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Update: To view the complete Twitter transcript from the January 22, 2010 #FollowReader TwitChat on Sustainability in Publishing, just click here.

While the focus of the book industry, the media, and the book blogosphere for practically the last year has been decidedly digital, there are some pretty important but overlooked issues that are well-deserving of some air time/print space/ web real estate. Perhaps one of the most important of these issues is the environmental impact of the book industry, and what some folks are doing to lessen that impact and make publishing more environmentally sustainable.

In an effort to help bring some awareness to the issue, #FollowReader today will be devoted to the challenges of publishing in an environmentally sustainable way. Here are just a few facts (courtesy of Green Press Initiative) for your consideration:

  • The U.S. book industry uses approximately 30 million trees every year. Many of these trees are from old growth and endangered forests.
  • The paper industry is the fourth largest industrial source of greenhouse gas emissions in the United States. Books and newspapers release greenhouse gases thought their lifecycles, with paper using almost half of all industrial wood harvested and contributing to almost 25% of landfill waste.
  • Globally, scientists estimate that deforestation is responsible for 25% of human caused greenhouse gases.
  • When trees are cut to make paper, they cease to remove carbon dioxide from the atmosphere through photosynthesis. In addition, greenhouse gases are released into the atmosphere when either unused plant material decays or is burned for energy at the mill.
  • As a result of these emissions and those associated with soil disturbances at the site of harvest, it can take up to 25 years for a newly planted forest to stop being a net emitter of greenhouse gases and hundreds of years before it stores the same amount of carbon as an undisturbed forest.

What’s more – publishing with recycled paper is not entirely eco-friendly in and of itself, and publishers (and readers) have to consider the long-term impact of using recycled paper in their printed books. Many recycled papers break down quickly and find their way to landfills sooner than higher quality papers. [Note from Kat: turns out I was not exactly right about this – different types of recycled paper have different durability. See my comment below].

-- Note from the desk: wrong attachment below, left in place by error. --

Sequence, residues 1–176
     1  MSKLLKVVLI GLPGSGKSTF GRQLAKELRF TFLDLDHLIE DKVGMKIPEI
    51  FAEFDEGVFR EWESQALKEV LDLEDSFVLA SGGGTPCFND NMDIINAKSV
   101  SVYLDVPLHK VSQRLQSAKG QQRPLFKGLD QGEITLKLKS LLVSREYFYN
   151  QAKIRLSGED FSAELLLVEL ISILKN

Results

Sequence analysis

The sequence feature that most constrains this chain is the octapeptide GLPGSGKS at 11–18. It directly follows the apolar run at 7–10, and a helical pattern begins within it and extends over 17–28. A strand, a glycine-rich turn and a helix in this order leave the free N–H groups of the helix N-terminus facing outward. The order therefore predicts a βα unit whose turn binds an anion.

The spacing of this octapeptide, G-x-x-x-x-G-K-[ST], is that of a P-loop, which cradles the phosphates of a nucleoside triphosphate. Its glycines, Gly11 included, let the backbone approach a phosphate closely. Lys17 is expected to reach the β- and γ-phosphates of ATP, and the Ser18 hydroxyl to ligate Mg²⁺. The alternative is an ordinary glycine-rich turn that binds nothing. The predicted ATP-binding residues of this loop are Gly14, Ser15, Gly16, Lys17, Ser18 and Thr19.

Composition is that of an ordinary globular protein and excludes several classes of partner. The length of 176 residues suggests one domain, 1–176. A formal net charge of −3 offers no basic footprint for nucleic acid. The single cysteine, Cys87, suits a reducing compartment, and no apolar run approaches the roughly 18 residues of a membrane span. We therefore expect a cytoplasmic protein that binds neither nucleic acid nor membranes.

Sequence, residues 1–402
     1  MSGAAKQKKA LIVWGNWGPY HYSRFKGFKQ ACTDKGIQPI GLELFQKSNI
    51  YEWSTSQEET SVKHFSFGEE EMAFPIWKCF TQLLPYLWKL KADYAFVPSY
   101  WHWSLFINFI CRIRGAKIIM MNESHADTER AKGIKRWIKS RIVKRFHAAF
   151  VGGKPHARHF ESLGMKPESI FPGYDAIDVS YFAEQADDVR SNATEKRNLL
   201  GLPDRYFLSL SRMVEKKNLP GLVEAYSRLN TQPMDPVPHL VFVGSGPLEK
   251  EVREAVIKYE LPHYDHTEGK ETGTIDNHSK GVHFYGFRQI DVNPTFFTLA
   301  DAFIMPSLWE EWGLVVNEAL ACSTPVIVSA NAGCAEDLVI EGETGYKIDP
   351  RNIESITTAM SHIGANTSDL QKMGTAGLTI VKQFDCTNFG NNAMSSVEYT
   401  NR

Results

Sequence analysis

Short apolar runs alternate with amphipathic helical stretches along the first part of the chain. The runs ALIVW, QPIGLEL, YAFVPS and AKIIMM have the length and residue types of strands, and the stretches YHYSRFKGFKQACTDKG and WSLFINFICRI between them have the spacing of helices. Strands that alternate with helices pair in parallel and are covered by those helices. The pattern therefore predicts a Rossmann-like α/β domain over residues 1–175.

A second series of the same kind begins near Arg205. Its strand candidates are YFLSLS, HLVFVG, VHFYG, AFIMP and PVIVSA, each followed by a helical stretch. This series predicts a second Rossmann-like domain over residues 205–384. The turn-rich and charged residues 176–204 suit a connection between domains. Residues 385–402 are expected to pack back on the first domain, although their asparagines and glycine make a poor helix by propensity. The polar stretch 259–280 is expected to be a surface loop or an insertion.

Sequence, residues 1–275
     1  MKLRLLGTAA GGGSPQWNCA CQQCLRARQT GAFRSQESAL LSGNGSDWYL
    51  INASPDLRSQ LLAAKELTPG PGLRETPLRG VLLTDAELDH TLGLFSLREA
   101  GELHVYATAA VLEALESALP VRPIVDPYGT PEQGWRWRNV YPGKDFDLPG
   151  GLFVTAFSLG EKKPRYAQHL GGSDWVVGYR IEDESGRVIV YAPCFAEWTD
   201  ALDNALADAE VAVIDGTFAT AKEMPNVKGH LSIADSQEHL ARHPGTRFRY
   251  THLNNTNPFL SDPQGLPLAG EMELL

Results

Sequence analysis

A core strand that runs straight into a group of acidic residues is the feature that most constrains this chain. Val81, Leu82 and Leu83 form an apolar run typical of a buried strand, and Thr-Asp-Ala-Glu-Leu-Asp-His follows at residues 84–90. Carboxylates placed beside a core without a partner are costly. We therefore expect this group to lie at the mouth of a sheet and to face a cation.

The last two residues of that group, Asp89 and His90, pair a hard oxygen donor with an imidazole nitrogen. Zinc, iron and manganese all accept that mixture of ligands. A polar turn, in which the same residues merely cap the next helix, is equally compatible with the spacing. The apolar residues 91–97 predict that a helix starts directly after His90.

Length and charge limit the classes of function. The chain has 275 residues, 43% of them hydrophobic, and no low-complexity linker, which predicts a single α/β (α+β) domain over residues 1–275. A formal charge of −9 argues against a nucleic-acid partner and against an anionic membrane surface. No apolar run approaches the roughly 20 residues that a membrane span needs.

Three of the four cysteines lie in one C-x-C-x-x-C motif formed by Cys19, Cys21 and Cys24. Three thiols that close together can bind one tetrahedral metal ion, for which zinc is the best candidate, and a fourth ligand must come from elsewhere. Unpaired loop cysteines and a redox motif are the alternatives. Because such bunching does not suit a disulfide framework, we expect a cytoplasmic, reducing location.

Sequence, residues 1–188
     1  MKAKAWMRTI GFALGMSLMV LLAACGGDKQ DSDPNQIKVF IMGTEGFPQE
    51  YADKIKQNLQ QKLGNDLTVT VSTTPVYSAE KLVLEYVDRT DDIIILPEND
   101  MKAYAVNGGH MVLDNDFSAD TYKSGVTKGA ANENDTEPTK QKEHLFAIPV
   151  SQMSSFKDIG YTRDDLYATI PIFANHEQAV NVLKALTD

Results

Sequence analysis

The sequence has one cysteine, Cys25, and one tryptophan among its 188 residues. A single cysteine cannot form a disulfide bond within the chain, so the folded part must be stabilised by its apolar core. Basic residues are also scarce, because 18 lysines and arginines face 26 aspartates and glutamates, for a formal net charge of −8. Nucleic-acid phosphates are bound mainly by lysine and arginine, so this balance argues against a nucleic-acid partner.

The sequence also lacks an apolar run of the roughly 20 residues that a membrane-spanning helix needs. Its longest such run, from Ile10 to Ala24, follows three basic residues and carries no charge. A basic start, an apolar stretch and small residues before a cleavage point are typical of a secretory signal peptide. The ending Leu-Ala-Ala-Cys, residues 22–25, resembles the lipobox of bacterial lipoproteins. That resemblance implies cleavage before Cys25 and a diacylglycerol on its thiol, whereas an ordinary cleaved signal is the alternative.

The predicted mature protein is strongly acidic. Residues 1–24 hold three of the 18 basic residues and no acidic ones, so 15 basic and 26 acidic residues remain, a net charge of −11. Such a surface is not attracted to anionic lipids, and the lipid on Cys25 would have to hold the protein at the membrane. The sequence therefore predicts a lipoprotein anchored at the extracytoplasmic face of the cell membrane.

Think ebooks are the eco-answer? Think again – the production of digital devices, batteries, and the energy required to power “the cloud” – those all have an impact on the environment.

So, what IS the answer, or ANSWERS? What can YOU, as a reader do to make a positive impact on sustainability in publishing?

Well, we’ll begin to explore those questions today on #FollowReader with some very knowledgeable guests:

Melissa Klug (@PermanentPaper)

Joining us from Glatfelter Paper, will be Melissa Klug (@permanentpaper), Glatfelter’s Director of Marketing, Printing & Carbonless Papers Division. Glatfelter has been involved in the manufacture of paper products for books since the late 19th century. Today, they work with most major publishers, including Random House, Simon & Schuster and Penguin, along with many other publishing companies, to supply paper for primarily hardcover trade books, but also many of the higher-end paperback book segments.

Environmental responsibility is a hallmark of Glatfelter, and all of their products are available with chain-of-custody forest certifications. Their paper mills utilize biomass from waste products of trees for system-wide energy as well. In addition to her marketing duties, Melissa is also responsible for Glatfelter’s Permanence Matters initiative, which is designed to educate and activate the literary community to actively and consciously choose higher-quality, long-lasting paper for books.

Melissa Brumer (@ooliganpress)

We are incredibly impressed by Portland State University’s student-run Ooligan Press, whose OpenBook Series is being produced as sustainably as possible – with a focus on paper and ink sources, design strategies, efficient and safe manufacturing methods, innovating printing technologies, support of local and regional companies, and corporate responsibility of their contractors. As such, we are delighted to have the pleasure of not one, not two, but THREE really smart Ooligan women joining us: